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CD40 activation induces NREM sleep and modulates genes associated with sleep homeostasis.
Brain, Behavior, and Immunity
The T-cell derived cytokine CD40 ligand is overexpressed in patients with autoimmune diseases. Through activation of its receptor, CD40 ligand leads to a tumor necrosis factor (TNF) receptor 1 (TNFR1) dependent impairment of locomotor activity in mice. Here we report that this effect is explained through a promotion of sleep, which was specific to non-rapid eye movement (NREM) sleep while REM sleep was suppressed. The increase in NREM sleep was accompanied by a decrease in EEG delta power during NREM sleep and by a decrease in the expression of transcripts in the cerebral cortex known to be associated with homeostatic sleep drive, such as Homer1a, Early growth response 2, Neuronal pentraxin 2, and Fos-like antigen 2. The effect of CD40 activation was mimicked by peripheral TNF injection and prevented by the TNF blocker etanercept. Our study indicates that sleep-wake dysregulation in autoimmune diseases may result from CD40 induced TNF:TNFR1 mediated alterations of molecular pathways, which regulate sleep-wake behavior.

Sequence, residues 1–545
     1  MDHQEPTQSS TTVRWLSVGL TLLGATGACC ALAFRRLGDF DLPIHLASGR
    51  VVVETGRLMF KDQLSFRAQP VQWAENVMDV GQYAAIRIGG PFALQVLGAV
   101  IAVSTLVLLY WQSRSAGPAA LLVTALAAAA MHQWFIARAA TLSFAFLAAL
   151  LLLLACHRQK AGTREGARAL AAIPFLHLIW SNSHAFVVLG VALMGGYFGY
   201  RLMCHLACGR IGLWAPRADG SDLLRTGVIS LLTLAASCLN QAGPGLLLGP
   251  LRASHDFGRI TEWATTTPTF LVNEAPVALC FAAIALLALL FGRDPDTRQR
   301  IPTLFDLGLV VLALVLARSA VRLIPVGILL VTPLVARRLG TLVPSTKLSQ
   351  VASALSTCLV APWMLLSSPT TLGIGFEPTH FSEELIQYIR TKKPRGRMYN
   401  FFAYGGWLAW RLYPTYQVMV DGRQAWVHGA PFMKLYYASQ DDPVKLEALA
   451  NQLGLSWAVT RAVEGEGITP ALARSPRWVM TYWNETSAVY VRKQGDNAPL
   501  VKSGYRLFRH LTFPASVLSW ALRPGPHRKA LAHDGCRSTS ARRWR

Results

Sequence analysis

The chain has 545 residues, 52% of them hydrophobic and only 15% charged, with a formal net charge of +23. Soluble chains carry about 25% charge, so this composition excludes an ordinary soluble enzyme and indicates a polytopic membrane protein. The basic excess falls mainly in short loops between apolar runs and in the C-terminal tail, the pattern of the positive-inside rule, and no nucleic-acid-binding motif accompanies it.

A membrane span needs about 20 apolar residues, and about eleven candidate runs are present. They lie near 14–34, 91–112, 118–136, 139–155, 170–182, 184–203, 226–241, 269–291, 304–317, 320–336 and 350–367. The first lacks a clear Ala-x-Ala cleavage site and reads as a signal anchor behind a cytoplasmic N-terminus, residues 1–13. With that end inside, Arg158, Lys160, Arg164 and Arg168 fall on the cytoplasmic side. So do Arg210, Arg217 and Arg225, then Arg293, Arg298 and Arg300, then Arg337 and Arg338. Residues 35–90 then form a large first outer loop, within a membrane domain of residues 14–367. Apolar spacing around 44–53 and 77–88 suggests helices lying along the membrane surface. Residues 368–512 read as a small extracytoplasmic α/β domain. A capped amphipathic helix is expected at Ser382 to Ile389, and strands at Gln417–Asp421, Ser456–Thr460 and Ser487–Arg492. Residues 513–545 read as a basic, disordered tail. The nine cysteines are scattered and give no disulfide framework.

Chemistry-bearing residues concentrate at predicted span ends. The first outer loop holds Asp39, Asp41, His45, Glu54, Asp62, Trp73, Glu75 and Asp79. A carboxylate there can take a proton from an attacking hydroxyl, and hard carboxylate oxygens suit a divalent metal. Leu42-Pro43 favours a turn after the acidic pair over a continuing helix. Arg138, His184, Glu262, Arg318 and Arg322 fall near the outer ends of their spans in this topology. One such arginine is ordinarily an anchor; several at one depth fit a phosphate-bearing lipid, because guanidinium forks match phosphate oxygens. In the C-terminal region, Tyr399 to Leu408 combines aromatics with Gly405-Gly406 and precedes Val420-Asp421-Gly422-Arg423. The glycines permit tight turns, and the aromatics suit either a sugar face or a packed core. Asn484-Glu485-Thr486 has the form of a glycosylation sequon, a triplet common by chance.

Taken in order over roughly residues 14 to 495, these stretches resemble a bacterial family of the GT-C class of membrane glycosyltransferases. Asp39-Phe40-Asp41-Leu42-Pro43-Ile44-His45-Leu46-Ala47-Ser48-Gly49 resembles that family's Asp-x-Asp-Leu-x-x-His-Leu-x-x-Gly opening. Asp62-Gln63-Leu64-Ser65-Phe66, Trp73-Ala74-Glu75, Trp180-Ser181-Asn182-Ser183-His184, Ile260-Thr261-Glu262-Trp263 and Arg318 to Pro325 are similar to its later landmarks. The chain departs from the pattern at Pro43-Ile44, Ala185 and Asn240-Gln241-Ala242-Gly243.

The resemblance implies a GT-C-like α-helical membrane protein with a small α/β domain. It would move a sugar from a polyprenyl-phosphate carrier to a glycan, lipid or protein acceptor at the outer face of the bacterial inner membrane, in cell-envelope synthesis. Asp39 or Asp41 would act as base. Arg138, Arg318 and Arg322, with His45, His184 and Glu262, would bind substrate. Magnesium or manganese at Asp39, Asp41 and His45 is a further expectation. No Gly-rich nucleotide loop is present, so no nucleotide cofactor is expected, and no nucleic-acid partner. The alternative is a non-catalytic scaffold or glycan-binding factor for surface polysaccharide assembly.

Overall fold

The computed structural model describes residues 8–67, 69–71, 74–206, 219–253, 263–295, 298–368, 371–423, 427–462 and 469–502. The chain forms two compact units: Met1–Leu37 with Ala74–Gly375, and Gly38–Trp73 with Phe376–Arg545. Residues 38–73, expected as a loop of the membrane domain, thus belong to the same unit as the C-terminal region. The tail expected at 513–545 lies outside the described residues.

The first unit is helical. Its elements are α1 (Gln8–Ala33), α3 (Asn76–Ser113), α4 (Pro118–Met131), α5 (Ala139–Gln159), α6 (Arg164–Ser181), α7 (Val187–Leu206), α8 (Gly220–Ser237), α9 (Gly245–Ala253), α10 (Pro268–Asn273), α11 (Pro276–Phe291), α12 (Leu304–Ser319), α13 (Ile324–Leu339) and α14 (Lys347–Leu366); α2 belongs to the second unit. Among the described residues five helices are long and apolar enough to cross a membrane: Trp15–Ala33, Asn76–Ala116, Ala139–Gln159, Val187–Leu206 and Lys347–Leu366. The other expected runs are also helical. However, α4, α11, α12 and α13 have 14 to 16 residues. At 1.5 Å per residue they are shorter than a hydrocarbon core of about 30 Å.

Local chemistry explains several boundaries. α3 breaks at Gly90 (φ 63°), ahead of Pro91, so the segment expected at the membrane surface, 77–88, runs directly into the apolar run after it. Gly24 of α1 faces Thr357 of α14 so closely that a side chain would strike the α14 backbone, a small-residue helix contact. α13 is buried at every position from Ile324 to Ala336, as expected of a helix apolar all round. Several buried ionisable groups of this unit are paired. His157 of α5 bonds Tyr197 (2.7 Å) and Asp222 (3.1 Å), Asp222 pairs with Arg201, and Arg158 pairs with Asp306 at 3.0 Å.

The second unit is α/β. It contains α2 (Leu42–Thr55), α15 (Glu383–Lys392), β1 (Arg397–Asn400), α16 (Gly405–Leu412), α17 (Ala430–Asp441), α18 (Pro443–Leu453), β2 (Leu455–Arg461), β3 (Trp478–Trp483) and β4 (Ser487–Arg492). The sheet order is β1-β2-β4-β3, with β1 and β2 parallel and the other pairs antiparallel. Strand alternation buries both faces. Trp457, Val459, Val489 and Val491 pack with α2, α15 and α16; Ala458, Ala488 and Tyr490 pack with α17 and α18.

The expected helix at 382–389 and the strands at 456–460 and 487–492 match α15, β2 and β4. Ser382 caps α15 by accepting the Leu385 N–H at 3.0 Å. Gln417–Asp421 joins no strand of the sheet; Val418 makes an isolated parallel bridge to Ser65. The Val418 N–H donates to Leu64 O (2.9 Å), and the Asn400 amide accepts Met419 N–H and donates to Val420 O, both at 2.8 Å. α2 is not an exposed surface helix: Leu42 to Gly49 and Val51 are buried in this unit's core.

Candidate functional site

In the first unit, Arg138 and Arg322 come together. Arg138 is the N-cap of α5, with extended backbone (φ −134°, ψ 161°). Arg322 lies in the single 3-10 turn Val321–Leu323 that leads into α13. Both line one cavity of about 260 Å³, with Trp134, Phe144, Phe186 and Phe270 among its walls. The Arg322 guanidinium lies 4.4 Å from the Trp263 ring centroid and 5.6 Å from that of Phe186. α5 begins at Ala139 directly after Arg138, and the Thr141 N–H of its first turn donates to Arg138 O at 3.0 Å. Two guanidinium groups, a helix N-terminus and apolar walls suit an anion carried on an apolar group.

Sickness behavior, Depression, Multiple sclerosis, Rheumatoid arthritis, Inflammatory bowel disease, AIDS, Human immunodeficiency virus (HIV), Brain endothelial cells, Microglia
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